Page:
The discovery of clay tablets in Iraqi Kurdistan has helped archaeologists unlock the mystery of an ancient lost city.
The 92 clay tablets were unearthed last summer by archaeologists from Germany’s University of Tübingen during an excavation in the village of Bassetki. Stored in a pottery vessel and wrapped with clay, experts believe that they may have been hidden away for posterity.
By studying the tablets, researchers have discovered that the site appears to be the ancient royal city of Mardaman.
“This important northern Mesopotamian city is cited in ancient sources, but researchers did not know where it lay,” explained the University of Tübingen, in a statement. “It existed between 2,200 and 1,200 years BC, was at times a kingdom or a provincial capital and was conquered and destroyed several times.”
The tablets, described as “small and partly crumbling,” were deciphered by University of Heidelberg philologist Dr. Betina Faist. The cuneiform script revealed that the city was indeed Mardaman. At one point, the city was also the administrative seat of a governor in a previously-unknown province of the ancient Assyrian empire. The governor, Assur-nasir, is described in the tablets, as are his tasks and activities.
“The clay tablets of Bassetki make an important new contribution to the geography of Mesopotamia,” said Faist, in the statement.
“All of a sudden it became clear that our excavations had found an Assyrian governor’s palace,” added Professor Peter Pfälzner of the University of Tübingen, who led the excavation. “Mardaman certainly rose to be an influential city and a regional kingdom, based on its position on the trade routes between Mesopotamia, Anatolia and Syria.”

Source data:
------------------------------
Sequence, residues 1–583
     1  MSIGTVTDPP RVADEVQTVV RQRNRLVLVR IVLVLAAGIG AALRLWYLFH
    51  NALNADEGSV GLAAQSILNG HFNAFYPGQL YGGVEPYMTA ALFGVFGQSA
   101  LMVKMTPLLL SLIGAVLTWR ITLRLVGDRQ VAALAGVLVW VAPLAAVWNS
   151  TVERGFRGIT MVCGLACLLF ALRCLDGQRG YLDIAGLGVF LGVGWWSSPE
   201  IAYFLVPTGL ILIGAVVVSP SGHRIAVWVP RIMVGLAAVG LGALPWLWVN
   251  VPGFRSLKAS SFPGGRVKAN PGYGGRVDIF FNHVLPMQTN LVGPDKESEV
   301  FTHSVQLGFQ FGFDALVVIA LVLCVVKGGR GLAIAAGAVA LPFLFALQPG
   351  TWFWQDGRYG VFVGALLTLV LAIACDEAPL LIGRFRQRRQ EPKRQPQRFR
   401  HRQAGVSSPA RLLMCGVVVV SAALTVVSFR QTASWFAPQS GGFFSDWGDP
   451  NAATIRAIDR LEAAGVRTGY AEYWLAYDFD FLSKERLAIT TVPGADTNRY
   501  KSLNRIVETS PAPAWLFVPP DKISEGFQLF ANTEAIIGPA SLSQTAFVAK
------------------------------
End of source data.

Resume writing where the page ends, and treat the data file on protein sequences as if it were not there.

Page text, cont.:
The Bronze Age site at Bassetki was first discovered in 2013 by archaeologists from the University of Tübingen.
Other last cities have been discovered in Iraq in recent years. Last year, for example, archaeologists harnessed spy satellite imagery and drones to help identify the site of an ancient lost city in Northern Iraq.
The site, Qalatga Darband, was first spotted when archaeologists analyzed U.S. spy satellite imagery from the 1960s that was declassified in the 1990s. Experts at the British Museum used the data to map a large number of carved limestone blocks at the site, indicating substantial remains. A drone survey highlighted other potential buildings at the site.
In 2016, a Christian saint’s bones were reportedly unearthed amid the rubble of an ancient Syrian monastery destroyed by ISIS.
Follow James Rogers on Twitter @jamesjrogers